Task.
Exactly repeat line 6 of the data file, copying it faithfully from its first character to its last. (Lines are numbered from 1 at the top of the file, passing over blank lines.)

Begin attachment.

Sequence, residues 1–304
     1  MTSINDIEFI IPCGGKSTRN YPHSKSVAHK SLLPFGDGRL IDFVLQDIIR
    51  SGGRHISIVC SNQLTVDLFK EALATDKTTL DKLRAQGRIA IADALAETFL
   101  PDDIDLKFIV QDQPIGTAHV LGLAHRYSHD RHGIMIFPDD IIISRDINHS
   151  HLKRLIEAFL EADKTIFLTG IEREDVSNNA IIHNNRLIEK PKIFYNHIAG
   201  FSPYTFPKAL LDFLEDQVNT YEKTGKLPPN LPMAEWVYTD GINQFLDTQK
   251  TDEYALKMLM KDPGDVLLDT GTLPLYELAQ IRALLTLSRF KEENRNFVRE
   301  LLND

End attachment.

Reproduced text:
   201  FSPYTFPKAL LDFLEDQVNT YEKTGKLPPN LPMAEWVYTD GINQFLDTQK